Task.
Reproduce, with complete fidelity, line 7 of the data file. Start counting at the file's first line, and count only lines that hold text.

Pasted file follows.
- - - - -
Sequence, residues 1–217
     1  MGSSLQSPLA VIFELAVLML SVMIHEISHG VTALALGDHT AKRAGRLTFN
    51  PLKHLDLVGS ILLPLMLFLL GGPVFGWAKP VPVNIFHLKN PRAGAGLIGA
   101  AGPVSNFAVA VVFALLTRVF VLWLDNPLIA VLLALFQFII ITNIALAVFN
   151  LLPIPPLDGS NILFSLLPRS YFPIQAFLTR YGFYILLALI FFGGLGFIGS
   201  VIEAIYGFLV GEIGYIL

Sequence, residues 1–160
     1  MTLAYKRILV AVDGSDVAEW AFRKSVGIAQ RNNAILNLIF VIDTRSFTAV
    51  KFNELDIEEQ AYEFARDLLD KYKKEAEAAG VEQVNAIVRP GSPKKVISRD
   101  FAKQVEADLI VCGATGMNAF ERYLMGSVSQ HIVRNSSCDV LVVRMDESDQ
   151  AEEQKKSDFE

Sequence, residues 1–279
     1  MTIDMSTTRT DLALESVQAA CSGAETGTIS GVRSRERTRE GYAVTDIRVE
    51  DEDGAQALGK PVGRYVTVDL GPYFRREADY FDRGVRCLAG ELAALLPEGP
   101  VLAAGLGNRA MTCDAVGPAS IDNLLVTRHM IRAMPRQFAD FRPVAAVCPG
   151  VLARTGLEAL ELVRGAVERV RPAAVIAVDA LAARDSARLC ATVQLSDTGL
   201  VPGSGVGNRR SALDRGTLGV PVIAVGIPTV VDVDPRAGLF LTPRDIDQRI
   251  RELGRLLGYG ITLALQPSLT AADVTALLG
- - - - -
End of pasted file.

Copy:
Sequence, residues 1–160